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Empowering women: Chickweed puts female artist, musicians in the spotlight

By Liz Moomey
liz.moomey@salisburypost.com

SALISBURY — Years ago, Sue McHugh was performing around Salisbury when she had a realization: the music scene was lacking women.

McHugh said she would play music and felt like the only woman. So she decided to host a show one day. And it has transformed into Chickweed, an indoor-outdoor music and arts festival featuring women led musical acts and artists.

In its eighth year, it continues to be a celebration for indestructible women and children. The proceeds go to support End Child Abuse Rowan.

“There’s some magic around Chickweed,” McHugh said. “I can’t describe it.”

Many who have returned to Chickweed over the years had first stumbled on the music escaping the venue and return for the cause and the atmosphere.

Kathryn Ambrosini, a reflexologist, provided an opportunity to show people what reflexology is all about. Every year, Cynthia Hill with Shalom Regal offers her services and donates all her proceeds to Chickweed. This year, Ambrosini filled in for Hill. Chickweed and what it represents is meaningful for Ambrosini.

“Violence against women has affected my life and many of my friend,” Ambrosini said.

The event allowed her to introduce others into reflexology, which can help with trauma and anxiety, she said. It can help those who are survivors of abuse regain their wellness and find a steady footing, too.

“It gives them an option for wellness that they may not be aware of,” Ambrosini said.

Ambrosini’s mother, Robin, came to help and took the opportunity to attend the event after missing it previous years. She commented on the energy at Chickweed and the importance of showcasing women.

“Women are forced to follow,” she said. “Women here are the frontrunner. It’s all for women.”

Isabel Hartsell was previously a featured artist at Chickweed. This year, she was a vendor and she worked on an art piece. She called it an empowering event with a meaningful cause.

“Everyone has been touched by child abuse,” Hartsell said.

McHugh said the behind-the-scenes details of Chickweed stick out to her. Whenever she invites an artist to perform, they are honored and McHugh gets to see the artist blossom.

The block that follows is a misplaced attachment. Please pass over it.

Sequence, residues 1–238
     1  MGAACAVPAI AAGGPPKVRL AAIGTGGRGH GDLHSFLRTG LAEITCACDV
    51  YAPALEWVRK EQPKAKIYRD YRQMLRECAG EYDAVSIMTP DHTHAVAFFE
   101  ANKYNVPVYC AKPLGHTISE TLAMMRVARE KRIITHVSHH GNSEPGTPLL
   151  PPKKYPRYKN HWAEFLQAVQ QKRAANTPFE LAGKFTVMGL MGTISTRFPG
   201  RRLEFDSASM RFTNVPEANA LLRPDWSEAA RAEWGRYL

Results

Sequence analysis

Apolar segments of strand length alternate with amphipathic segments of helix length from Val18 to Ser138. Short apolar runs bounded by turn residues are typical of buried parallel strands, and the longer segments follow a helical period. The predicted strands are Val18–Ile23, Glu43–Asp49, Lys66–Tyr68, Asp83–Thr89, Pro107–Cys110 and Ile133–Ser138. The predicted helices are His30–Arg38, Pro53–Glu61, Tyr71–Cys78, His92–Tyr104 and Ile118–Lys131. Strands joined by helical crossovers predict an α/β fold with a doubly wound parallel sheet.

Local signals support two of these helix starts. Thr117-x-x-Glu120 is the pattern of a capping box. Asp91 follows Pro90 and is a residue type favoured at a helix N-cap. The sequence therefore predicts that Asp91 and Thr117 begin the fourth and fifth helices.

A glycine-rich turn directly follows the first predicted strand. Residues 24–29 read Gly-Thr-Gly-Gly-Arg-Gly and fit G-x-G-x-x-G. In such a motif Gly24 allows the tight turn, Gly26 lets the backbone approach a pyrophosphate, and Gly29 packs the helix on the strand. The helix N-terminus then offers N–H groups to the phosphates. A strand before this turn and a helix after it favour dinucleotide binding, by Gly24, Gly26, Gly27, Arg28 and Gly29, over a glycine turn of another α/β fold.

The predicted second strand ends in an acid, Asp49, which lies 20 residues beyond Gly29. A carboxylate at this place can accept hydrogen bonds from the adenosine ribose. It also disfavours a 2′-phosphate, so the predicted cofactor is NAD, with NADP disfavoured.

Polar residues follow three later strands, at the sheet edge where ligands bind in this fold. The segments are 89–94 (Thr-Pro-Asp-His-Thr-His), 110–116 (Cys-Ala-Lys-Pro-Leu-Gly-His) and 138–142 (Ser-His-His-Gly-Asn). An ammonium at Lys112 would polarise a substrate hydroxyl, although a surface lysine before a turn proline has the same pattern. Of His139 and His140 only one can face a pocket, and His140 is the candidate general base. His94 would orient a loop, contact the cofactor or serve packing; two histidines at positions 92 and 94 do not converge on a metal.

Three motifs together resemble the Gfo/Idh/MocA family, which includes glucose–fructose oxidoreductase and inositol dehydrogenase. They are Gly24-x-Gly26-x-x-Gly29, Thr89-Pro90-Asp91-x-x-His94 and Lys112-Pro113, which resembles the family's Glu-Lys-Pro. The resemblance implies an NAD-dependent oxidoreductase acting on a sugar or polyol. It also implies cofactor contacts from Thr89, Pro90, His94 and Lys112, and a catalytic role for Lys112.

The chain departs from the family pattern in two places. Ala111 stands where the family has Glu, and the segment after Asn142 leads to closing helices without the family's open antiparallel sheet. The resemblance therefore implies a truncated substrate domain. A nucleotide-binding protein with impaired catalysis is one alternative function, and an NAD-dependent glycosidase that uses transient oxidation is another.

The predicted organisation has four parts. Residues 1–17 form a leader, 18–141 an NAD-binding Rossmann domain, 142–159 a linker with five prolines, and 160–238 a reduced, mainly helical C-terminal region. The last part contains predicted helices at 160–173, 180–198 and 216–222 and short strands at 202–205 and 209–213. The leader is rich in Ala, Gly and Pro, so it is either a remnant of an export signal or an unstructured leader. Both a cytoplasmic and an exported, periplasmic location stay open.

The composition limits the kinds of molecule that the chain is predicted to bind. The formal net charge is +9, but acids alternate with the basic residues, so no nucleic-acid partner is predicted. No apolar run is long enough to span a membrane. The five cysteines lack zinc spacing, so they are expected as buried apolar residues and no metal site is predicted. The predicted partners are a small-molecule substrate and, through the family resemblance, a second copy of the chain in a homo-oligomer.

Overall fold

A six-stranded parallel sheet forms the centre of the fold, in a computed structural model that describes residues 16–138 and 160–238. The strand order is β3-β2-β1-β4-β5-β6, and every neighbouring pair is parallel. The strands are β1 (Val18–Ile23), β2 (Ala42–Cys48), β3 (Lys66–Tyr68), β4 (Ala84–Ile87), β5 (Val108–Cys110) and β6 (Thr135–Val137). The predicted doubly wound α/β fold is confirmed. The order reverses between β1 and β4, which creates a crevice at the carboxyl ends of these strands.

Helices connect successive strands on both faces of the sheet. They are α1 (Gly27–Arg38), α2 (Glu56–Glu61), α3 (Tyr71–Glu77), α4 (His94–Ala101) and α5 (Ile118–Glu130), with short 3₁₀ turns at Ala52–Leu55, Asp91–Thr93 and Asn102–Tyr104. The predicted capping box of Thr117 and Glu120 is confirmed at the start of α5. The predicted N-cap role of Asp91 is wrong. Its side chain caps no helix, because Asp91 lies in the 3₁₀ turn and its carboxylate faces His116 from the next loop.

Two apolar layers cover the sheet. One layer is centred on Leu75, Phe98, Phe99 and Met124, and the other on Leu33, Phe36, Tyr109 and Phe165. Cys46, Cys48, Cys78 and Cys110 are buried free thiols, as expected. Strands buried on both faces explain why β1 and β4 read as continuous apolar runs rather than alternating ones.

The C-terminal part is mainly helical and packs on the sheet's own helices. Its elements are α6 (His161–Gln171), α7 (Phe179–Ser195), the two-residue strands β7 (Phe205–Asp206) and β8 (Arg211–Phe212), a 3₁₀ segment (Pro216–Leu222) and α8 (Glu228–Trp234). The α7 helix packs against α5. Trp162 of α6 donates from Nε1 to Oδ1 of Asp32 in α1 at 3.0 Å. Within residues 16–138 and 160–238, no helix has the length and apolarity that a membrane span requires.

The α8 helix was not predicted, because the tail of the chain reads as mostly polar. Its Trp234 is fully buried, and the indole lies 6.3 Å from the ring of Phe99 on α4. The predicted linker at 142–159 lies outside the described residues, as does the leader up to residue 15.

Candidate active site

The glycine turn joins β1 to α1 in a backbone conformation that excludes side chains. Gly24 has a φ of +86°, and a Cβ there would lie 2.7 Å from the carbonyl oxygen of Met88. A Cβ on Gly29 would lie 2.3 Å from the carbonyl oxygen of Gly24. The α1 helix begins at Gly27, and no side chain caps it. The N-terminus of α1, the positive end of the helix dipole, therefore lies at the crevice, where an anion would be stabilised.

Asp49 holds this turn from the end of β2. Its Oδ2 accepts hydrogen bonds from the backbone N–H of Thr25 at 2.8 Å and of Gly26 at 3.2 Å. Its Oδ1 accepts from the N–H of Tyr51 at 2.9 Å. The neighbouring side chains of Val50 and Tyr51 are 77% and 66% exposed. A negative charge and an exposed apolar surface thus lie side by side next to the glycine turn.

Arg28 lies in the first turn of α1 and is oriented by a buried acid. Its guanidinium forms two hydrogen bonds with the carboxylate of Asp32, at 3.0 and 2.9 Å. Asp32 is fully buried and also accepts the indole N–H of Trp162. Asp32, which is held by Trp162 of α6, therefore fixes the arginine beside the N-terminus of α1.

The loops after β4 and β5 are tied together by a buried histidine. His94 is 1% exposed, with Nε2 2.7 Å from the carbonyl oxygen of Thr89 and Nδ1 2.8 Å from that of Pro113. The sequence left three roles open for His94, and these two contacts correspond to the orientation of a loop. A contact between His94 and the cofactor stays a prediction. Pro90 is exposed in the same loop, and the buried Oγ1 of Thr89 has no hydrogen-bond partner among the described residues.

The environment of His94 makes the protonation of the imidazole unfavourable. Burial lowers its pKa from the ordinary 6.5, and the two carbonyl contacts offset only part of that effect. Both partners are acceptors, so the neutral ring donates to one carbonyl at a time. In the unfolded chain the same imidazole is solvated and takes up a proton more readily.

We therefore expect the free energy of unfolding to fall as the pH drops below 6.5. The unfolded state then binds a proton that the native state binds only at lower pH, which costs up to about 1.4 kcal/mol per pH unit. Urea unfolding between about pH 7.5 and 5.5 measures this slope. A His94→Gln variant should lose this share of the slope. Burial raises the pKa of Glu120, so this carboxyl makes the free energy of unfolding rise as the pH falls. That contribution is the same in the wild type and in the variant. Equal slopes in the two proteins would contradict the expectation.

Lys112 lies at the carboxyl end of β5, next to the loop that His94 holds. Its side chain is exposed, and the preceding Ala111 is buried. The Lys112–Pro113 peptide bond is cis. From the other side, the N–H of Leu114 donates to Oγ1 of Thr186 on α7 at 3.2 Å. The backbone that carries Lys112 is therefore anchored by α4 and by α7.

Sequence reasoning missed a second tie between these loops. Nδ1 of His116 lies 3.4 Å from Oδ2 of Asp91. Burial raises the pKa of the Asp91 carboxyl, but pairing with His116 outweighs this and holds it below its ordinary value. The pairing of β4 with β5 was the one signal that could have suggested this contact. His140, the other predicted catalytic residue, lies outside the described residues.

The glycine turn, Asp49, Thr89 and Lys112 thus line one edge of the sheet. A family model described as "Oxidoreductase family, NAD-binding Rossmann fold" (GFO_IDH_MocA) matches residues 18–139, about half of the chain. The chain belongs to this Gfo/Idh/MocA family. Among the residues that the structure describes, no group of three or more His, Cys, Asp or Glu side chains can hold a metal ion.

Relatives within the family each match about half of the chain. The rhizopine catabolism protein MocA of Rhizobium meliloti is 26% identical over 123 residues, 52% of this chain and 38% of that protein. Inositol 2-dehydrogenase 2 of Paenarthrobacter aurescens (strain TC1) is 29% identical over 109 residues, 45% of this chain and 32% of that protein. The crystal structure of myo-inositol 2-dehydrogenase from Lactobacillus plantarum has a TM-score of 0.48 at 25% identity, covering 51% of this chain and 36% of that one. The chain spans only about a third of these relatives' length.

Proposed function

“The confidence it instills is over the top,” McHugh said. “It’s not something that the attendees get to see. I get to see.”

Logan Thomas, a singer and guitarist, was invited by McHugh after she saw her perform with her band, Rude City Project.

“It means a lot to do something for a good cause,” Thomas said. “It’s an honor.”

McHugh said she has seen women musicians gain recognition in Salisbury over the years. Thomas was trying out a couple of original songs for the audience at the Trolley Barn. She enjoyed hearing all the musical acts that came before hers.

“It’s awesome to bring women together,” she said.

Tina Fox and Caroline Tallent traveled from Hickory to support their visual artist friend, Rachel Carden Merkua. They were enjoying food from Yummy Bahn Mi food truck and taking in their friends work while giving back to a good cause.

Fox said she was personally able to escape a bad situation and appreciates organization helping women and children from violence.

“Women and children are trying to find their way to a better life,” she said.

Joyce Meadows, of D & J Catering, was serving barbecue and fish with baked beans and fries. She got a chance to look at all the vendors and appreciated seeing everyone who was using their talents and hobbies to support themselves and the community. She said she was “all for” the empowerment of women.

Chickweed is a nonprofit and accepts donations year round at thechickweed.com.

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